Keeping It Simple — Growth and Earnings Still Driving Equities

November 3, 2017  | by Ryan Driscoll, Michael Strauss

Market Commentary

Summary

  • The U.S. economy has moved into a stronger growth mode. Even with the negative impact from hurricanes, real GDP growth expanded at a 3.0 percent pace in 2017:Q3, after a 3.1 percent advance in 2017:Q2. This represented the first time since 2014 that the economy registered back-to-back quarterly gains of three percent or more.

  • In similar fashion, the latest quarterly corporate revenue and profit readings are consistent with the solid macroeconomic reports and the continued strength in the equity market the last several months.

  • Although monetary policy was held steady following the latest FOMC meeting, the recent economic data support further normalization of both interest rates and the Fed’s balance sheet in late 2017 and 2018. These actions, in turn, could eventually temper returns.

Signs of a Stronger Economy

A robust 8.6 percent gain in business equipment investment, combined with a respectable 2.4 percent increase in real consumption and a 2.3 percent gain in exports were the key catalysts to the continuation of the three percent real growth pace in the third quarter. Moreover, the gain in real GDP would have been even stronger if it were not for the hurricane-induced hit to both business investment in structures and residential investment which fell 5.2 percent and 6.0 percent, respectively. These two components are likely to stage a significant rebound in the next two to three quarters and should be catalysts to a continuation of solid domestic economic activity. A rebound in U.S. capital expenditures has unfolded and business spending could receive an added boost if Congress can pass a tax plan. With wage and benefit costs showing signs of a modest reacceleration and the sub 4.2 percent unemployment rate sparking fears of labor shortages, the Fed is likely to continue to normalize interest rates in late 2017 and early 2018.

Another Quarter of Robust Profits

On a similar note, the latest earnings reports once again revealed upside surprises, confirming that corporate America benefited from the improvement of top line revenues. Through the morning of Thursday, November 2nd, 384 (77 percent) of reporting companies in the S&P 500 index have released 3rd quarter 2017 earnings. Of those, 296 (77 percent) have surprised to the upside on an earnings-per-share basis with approximately 72 percent reporting positive growth. The overall average earnings growth rate is 8.6 percent at this point in the season. The reported sales-per-share figures show that 306 (80 percent) companies have reported an increase in sales and the average sales growth for all reporting companies to-date is 5.72 percent. Interestingly, this fits in line with the rebound in nominal GDP from 4.1 percent to 5.2 percent in the quarter.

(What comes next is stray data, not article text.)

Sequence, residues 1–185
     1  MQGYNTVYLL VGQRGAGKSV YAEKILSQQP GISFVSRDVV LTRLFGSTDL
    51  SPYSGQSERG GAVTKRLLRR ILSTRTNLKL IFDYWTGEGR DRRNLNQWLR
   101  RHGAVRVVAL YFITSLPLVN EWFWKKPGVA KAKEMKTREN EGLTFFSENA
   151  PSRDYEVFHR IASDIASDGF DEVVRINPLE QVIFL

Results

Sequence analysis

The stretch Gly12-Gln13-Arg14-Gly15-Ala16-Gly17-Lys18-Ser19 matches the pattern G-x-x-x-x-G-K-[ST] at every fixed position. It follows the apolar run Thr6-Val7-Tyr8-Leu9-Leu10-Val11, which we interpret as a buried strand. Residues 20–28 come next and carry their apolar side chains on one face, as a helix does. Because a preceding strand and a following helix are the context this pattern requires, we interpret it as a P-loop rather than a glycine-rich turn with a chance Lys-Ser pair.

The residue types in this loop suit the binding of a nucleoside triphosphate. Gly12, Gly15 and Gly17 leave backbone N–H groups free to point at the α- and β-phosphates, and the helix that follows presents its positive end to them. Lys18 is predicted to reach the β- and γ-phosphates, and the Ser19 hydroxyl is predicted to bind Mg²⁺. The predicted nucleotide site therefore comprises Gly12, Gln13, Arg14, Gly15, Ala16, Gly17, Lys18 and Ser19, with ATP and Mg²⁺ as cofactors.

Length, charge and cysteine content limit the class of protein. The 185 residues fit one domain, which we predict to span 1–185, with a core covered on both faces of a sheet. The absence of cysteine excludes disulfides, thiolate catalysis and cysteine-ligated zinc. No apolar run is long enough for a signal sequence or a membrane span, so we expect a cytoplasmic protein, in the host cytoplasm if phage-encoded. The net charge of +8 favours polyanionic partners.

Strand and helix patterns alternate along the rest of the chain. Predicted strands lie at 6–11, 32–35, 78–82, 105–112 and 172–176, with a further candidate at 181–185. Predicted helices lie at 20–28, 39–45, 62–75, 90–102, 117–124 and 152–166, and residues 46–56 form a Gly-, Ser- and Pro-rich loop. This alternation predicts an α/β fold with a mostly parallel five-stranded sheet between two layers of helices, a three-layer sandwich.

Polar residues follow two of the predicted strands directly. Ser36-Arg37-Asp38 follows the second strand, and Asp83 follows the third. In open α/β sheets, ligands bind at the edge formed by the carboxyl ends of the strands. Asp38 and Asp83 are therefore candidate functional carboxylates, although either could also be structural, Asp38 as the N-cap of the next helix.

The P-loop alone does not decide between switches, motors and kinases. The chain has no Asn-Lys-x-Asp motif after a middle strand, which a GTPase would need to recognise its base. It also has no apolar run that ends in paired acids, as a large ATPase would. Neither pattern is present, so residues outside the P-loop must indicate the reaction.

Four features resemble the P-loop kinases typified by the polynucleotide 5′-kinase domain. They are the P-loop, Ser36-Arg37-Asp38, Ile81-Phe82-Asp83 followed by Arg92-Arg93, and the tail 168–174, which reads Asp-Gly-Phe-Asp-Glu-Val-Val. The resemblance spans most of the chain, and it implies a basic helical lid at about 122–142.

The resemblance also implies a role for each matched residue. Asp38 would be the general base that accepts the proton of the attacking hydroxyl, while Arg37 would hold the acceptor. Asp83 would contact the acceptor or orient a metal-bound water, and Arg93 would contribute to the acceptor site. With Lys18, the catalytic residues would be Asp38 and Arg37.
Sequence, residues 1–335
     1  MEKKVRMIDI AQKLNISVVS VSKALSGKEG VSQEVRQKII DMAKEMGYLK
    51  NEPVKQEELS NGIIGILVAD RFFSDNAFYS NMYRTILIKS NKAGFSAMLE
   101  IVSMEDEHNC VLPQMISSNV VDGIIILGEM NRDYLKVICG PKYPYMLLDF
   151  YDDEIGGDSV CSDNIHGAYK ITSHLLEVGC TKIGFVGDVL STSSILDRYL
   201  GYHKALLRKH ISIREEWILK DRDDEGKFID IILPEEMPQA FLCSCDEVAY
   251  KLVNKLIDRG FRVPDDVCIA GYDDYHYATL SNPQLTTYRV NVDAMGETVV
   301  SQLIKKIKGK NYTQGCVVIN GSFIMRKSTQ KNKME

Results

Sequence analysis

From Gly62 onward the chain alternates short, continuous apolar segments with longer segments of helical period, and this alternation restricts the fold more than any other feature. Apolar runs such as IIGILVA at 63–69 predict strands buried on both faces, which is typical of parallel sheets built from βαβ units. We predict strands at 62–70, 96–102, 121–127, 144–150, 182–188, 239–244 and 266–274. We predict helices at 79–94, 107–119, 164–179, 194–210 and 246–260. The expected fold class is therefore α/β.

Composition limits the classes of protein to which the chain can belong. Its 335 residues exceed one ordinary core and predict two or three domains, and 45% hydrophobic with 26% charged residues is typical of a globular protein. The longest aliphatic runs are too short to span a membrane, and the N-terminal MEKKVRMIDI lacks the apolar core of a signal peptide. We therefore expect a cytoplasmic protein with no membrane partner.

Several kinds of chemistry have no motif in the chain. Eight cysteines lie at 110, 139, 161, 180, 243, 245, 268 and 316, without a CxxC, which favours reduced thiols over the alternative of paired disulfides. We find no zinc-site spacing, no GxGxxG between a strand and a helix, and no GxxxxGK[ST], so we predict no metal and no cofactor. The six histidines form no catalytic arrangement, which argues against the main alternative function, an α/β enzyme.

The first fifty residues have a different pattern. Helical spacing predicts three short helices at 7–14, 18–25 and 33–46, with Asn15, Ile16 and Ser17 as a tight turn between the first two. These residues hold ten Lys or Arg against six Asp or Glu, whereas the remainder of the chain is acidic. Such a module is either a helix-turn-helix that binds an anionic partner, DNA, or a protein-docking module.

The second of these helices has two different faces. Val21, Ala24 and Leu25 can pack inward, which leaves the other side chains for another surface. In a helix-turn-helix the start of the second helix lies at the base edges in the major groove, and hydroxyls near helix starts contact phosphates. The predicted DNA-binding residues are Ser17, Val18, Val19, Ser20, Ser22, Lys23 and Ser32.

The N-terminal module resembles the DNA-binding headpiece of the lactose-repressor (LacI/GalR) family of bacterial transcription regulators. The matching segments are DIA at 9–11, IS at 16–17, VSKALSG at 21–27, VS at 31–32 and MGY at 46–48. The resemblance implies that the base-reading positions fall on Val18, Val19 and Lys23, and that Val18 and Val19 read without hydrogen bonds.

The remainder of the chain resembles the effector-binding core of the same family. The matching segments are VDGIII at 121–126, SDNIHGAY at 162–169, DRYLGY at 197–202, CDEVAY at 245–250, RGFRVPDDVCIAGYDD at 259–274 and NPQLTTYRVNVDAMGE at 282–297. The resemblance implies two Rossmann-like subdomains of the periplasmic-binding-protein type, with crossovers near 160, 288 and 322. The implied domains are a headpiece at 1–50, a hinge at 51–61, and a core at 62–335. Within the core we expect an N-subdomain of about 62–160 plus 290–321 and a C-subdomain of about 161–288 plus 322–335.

...the second stage of the normalization in monetary policy has begun as the Fed is now actively taking steps to reduce the size of its balance sheet...

Changing of the Guard at the Fed

A multi-dimensional changing of the guard is unfolding at the Fed, which will include both leadership and process changes. The focus has centered on the potential replacements for Chair Yellen and Vice Chair Fischer, with Fed Governor Jerome Powell and Stamford Professor John Taylor as the leading candidates for these two slots. The announcement that the next Fed chair will be Jerome Powell is not a major surprise. Powell, a current Fed governor, should receive strong approval and is likely to continue the normalization policy stance that has been orchestrated by Yellen and Stanley Fischer, the recently retired vice chair. However, with several vacancies remaining at the Fed’s board of governors, it will be interesting to see how President Trump fills the remaining seats.

Equally important, the second stage of the normalization in monetary policy has begun as the Fed is now actively taking steps to reduce the size of its balance sheet. This will cut the amount of excess reserves in the banking system which, when combined with additional rate hike adjustments and the potential increase in the budget deficit towards $1 trillion per year, is likely to continue to put upward pressure on interest rates. In fact, by late 2018 or early 2019 the combination of increased Treasury debt issuance and the liquidation of Treasury holdings by the Fed could result in the market having to absorb an average of $5 to $6 billion in Treasuries every single business day.

As we have expressed for several months, the days of extremely easy monetary policy are coming to an end. These actions, combined with the events in Washington to try to implement fiscal policy changes, could fuel a bit more uncertainty and volatility in the capital markets. The potential deluge of new Treasury supply for capital market participants could put upward pressure on market interest rates, which, in turn, could be the catalyst that eventually trims equity valuations. Given these events, we continue to believe that it is important to periodically rebalance portfolios back towards long term targets.

Authors

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Michael Strauss is Chief Economist at Commonfund. Michael has over 30 years of institutional financial services and investment experience. Previously, he held positions as a top-ranked chief economist and financial market strategist with Sanwa Securities, Yamaichi International (America) Inc., and UBS Securities. Michael received the Market News Forecaster Award as the most accurate "Wall Street" economist for 1997 and has been a speaker on CNN and CNBC and, over the years, has been quoted by Reuters, Dow Jones Capital Markets, The New York Times, The Wall Street Journal, and Barrons. He has been a faculty member at the Treasury Institute for Higher Education (TIHE), the Tax Institute for Colleges and Universities (TIFCU), and the National Association of College and University Business Officers (NACUBO) Conference. He holds a B.S. degree with distinction from Cornell University and an M.B.A. with distinction from New York University.